Except in IVF or any other medically assisted reproductive method, the reason most of us exist is through sex. Without the copulation of the male and female reproductive organs, most of us wouldn’t have been born. But even though sex is such a huge part of our lives, there’s some sort of limitation regarding its discussion.
For instance, children are not allowed to talk about sex in school, and most religious environments frown at a public discussion of the topic. But the truth is that people should talk about sex, especially partners.
It is just as vital to discuss finances, beliefs, work delegation, and parenthood as it is to discuss sex. In this article, we’ll discuss what it means to talk about it, the topics to be discussed, and most importantly, how to talk about sex without being awkward. If you’re set, let’s dive right in!
Talking about Sex
All relationships thrive only with proper communication and understanding, and as much as many might not want to admit, sex is a very important aspect of a romantic relationship. Whether it is a casual fling or, in the long run, talking about sex is important for the encouragement of a stronger bond between the partners.
On one hand, it can help clear the air on what more must be done in the bedroom. When partners communicate their needs and desires, it can increase the intimacy and satisfaction of both partners.
Another reason to discuss sex is so that both partners can explore their deepest desires together as a team.
Overall, talking about sex only does good for the relationship. The following are the reasons (or benefits) to talk about sex:
- Discussing it fosters emotional and physical intimacy.
- It eliminates the possibility of fake orgasms (which happens to most women, according to research).
- It decreases the likelihood of separation or arguments.
- It helps each partner better understand each other for easier love reciprocation.
- It increases trust between partners, hence creating a safe space for all.
But here’s the twist.
Even though discussing sex with your partner is beneficial, how would you know when to talk about it, how, or what to say? Let’s take the questions one after the other.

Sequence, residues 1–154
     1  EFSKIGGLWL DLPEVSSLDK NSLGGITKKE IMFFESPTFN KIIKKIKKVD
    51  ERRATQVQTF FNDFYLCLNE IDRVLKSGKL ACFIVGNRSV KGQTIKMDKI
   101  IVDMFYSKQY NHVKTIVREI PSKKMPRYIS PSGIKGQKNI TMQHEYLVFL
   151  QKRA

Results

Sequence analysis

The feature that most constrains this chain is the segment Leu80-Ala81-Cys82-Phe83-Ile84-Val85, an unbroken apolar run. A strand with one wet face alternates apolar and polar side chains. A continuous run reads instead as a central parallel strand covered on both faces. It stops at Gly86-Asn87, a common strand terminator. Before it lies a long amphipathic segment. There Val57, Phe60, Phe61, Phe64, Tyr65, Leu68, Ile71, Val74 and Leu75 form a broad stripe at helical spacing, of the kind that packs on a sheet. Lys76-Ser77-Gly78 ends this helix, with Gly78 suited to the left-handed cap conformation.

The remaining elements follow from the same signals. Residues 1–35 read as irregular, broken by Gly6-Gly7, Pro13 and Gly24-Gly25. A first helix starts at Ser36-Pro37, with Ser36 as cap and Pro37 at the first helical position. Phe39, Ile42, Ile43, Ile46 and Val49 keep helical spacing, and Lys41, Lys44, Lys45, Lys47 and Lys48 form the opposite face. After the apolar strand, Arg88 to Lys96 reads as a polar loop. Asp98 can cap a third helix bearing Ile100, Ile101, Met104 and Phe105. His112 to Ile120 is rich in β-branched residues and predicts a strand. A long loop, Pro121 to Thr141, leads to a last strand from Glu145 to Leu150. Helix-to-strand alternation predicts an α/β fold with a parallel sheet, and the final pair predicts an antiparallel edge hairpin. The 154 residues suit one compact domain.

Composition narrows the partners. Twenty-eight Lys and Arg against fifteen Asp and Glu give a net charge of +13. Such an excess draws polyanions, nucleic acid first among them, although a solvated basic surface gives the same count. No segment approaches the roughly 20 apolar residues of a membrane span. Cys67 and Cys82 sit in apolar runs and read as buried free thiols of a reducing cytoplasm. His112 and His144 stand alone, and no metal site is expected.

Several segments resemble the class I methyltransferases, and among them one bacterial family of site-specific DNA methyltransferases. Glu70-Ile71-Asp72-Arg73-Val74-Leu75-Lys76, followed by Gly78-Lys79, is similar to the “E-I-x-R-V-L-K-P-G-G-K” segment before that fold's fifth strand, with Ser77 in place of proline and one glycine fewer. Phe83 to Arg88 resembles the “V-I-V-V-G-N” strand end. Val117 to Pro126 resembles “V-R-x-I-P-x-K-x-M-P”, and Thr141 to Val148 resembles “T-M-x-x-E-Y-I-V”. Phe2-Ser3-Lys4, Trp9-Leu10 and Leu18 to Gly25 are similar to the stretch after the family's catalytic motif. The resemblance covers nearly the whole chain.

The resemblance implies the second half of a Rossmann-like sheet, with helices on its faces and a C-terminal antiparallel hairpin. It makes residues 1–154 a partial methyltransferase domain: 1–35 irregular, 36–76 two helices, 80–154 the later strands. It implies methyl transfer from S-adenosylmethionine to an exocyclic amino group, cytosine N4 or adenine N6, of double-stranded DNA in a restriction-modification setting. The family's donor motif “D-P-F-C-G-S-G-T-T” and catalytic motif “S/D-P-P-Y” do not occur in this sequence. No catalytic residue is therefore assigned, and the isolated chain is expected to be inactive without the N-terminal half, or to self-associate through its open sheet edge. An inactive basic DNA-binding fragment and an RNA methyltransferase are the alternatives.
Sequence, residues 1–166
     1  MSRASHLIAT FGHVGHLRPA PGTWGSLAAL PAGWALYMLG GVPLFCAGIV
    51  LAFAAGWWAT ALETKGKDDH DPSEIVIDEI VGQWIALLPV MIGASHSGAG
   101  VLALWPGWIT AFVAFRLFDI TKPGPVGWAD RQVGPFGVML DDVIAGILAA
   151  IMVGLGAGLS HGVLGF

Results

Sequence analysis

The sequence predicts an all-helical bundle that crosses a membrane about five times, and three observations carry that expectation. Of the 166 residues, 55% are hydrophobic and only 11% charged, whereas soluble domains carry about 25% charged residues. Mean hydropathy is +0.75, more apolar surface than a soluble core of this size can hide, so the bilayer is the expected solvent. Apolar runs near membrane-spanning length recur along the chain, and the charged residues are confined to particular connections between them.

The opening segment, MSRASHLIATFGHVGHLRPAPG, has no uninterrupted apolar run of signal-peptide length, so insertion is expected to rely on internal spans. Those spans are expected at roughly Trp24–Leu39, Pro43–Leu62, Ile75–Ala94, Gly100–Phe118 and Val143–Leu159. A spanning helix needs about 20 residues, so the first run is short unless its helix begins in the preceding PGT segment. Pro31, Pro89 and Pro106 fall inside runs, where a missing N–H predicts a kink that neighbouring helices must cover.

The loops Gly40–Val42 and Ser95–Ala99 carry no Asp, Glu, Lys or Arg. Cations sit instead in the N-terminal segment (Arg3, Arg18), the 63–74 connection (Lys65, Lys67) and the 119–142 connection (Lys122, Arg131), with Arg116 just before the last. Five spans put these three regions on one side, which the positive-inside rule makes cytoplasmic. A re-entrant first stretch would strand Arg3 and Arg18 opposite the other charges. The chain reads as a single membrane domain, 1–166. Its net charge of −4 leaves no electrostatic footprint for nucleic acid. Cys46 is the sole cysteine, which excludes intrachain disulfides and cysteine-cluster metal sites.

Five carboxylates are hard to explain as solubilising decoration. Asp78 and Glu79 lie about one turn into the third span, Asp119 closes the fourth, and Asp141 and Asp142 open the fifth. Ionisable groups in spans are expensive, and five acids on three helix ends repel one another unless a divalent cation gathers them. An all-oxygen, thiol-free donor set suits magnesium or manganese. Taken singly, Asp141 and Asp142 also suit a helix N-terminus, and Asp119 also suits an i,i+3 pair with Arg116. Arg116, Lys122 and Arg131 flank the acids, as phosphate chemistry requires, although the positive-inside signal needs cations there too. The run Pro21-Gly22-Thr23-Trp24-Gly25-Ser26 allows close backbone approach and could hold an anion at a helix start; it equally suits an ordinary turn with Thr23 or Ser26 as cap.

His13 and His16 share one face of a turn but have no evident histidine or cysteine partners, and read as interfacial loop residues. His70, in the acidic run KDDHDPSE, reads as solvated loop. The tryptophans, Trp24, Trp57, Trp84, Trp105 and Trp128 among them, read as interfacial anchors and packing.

When it comes to proper sex communication, you shouldn’t just say anything. Just as it is important to ask the right questions during a first date, it is imperative to talk about the right things regarding sex. Below are the important sex topics to be discussed in every romantic relationship.
- Raw vs. Safe: You and your partner need to talk about your stand towards safe sex. Except in rare cases, it is always better to have safe sex. Protect yourselves using any of the sexual protective measures.
- Libido differences: Sexual activeness differs from one person to the other. You and your partner should discuss any differences in your libido so that it doesn’t seem like one person is wanting and the other is not always interested.
- Change in Libido: Even as the libido differs, there could also be changes for various reasons. If you notice that your partner seems less active than usual, talk about it (and in an understanding manner).
- Desire to try something new: Did you recently learn a new trick to try in the bedroom? Talk about it before asking your partner to curve up in weird positions.
- Satisfaction: Whether you want more foreplay, less anal, or you prefer a part of you touched more than others, talk about what you’d prefer during sex.
- Sexual dysfunction: Some people suffer from certain sexual dysfunctions. However, it does not mean that they are incapable of sexual satisfaction. It doesn’t also mean that they cannot satisfy you in bed. Nonetheless, the only way to reach a middle ground is to talk about it.
- Crying or Moaning: Does your partner cry after sex? Do you find your partner’s moaning style disturbing? These are all sex topics that should also be discussed.
- Fantasies: This differs from the talk about new sexual ideas. You might have a feet fetish, or your partner might have a certain fantasy. All these peculiarities can only be enjoyed if it is first discussed openly.
- Boundaries: Another topic that is usually underestimated is boundaries. It is important to respect each other’s boundaries, even during sex. A good example is when your partner doesn’t want to be kissed during an argument.
- Sexually Transmitted Diseases: In the presence of safe sex, this should not be a problem. However, if this happens, you and your partner must discuss the challenges, solutions, and way forward.
Sex Topics in Marriage
Despite the topics mentioned above, sex communication in marriage takes a slightly different turn. Indeed, the above topics should also be discussed in a long-term relationship. However, when couples are tied by marriage or children, the following sex topics in marriage should be discussed:
- Family Planning: No one needs to talk about spacing in a casual relationship. But if you’re married, it is highly essential to talk about how many kids you want and the spacing you’d like to give them. Both of you can visit the appropriate medical professional to discuss your options and the best family planning method for you.
- Sex Therapy: If you didn’t know already, there’s an option for couples to learn more about their sexual lives and how to satisfy themselves and each other. In the case that you and your partner perceive a difficulty in your sex life that’s beyond talking, you can visit a medically certified sexual therapist to help you find solutions.